Jung Young Moon was born in Hamyang, South Gyeongsang Province, South Korea in 1965. He graduated from Seoul National University with a degree in psychology. He made his literary début in 1996 with the novel A Man Who Barely Exists. Jung is also an accomplished translator who has translated more than forty books from English into Korean, including works by John Fowles, Raymond Carver, and Germaine Greer. In 1999 he won the 12th Dongseo Literary Award with his collection of short stories, A Chain of Dark Tales. In 2005 Jung was invited to participate in the University of Iowa’s International Writing Program, and in 2010 the University of California at Berkeley’s Center for Korean Study invited him to participate in a three-month-long residency program. in 2012, he won the Han Moo-suk Literary Award, the Dong-in Literary Award, and the Daesan Literary Award for his novel A Contrived World. His short story collection A Most Ambiguous Sunday and Other Stories was published by Dalkey Archive in 2014.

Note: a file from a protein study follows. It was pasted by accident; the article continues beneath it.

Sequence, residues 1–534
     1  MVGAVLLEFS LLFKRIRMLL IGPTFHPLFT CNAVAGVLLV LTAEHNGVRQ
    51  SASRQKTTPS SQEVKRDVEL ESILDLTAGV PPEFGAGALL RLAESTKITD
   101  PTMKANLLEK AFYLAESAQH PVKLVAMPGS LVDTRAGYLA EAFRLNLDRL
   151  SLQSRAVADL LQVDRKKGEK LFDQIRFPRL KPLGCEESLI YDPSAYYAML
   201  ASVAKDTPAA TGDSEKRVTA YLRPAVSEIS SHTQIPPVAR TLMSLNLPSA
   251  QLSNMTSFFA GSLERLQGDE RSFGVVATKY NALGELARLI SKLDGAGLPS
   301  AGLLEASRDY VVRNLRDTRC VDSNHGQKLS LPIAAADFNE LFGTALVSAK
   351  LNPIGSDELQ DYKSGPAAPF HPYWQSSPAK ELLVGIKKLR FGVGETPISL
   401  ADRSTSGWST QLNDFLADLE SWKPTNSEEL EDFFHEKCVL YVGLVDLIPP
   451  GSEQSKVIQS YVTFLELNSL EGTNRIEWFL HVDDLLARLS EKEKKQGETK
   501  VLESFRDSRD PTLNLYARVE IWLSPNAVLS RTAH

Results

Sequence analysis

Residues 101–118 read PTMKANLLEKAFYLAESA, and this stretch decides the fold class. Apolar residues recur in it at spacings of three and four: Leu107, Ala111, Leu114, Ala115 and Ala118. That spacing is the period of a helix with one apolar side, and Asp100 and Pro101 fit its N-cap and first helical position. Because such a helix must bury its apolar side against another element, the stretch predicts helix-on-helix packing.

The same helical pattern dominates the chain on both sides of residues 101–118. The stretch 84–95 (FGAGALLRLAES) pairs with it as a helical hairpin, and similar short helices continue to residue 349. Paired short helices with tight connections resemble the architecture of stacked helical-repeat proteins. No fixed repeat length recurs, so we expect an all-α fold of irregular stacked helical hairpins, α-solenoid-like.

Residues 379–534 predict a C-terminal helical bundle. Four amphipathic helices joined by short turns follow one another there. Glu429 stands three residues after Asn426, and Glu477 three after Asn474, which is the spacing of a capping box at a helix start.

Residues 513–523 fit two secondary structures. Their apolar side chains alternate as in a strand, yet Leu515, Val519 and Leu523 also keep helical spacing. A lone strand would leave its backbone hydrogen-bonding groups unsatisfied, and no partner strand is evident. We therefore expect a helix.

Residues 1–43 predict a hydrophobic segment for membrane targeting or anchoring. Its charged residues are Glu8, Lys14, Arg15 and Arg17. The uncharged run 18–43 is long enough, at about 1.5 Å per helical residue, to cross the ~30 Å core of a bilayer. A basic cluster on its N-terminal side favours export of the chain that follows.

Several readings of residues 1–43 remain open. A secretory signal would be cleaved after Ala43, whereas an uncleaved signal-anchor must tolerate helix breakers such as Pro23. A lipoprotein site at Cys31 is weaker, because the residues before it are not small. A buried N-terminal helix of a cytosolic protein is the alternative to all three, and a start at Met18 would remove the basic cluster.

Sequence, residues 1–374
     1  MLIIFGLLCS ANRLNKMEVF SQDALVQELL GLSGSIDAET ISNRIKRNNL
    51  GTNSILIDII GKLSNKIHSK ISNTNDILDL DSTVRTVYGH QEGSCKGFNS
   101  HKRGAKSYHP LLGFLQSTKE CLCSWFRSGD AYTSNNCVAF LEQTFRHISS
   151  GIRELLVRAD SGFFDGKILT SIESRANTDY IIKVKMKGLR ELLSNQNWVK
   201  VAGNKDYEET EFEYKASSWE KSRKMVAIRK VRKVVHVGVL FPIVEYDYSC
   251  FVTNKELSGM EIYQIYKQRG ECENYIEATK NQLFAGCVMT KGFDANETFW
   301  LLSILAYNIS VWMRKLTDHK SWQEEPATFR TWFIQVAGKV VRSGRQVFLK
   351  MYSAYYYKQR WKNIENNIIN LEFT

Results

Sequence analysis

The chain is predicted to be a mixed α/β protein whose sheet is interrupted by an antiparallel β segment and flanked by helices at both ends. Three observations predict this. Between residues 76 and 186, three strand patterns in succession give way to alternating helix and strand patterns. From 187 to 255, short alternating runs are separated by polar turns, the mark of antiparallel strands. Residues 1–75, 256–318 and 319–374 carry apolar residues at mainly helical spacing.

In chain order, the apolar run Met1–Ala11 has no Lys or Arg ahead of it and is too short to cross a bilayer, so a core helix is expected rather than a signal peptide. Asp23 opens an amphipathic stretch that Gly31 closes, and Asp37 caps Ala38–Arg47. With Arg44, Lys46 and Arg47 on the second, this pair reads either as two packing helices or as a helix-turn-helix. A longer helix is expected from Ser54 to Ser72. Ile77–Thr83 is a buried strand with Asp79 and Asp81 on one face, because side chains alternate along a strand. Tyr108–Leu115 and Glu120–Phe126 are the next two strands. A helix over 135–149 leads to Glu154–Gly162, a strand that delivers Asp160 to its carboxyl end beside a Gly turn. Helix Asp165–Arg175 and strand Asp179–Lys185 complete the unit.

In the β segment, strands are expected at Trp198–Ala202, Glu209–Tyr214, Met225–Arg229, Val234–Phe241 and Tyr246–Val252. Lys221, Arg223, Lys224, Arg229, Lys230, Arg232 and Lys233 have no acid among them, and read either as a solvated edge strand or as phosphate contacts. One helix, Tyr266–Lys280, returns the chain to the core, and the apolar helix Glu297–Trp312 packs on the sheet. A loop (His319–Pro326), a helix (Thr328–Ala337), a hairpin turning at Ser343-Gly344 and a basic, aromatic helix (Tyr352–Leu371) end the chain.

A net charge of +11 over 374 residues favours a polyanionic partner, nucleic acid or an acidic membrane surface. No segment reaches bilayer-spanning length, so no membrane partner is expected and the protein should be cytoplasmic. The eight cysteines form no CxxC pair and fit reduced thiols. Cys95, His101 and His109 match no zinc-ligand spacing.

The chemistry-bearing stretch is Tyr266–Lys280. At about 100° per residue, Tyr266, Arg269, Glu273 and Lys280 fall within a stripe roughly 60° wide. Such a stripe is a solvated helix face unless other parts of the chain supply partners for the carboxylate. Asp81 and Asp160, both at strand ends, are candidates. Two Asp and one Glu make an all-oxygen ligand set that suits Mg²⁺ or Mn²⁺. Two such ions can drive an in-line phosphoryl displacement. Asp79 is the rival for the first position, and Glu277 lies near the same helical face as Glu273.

“One of South Korea’s more eccentric contemporary writers, Jung could almost be described as a cross between Beckett and Brautigan – his earlier writing was often extremely dark, but recently the balance has tipped towards lightness, of touch as much as of mood. It’s all part of an aesthetic which prizes vagueness, randomness, digression rather than progression.” — Deborah Smith, Verso Books
Available Now from Deep Vellum Publishing:
The funeral of a goldfish named Kierkegaard, the sleepless narrator thwarting a would-be thief outside his moonlit window, a night spent with rats in a Paris hotel—Korea’s Jung Young Moon, often compared to Kafka and Beckett, lets his mind wander in this masterpiece of automatic writing, delving into the subconscious and the imagination to explore the very nature of reality.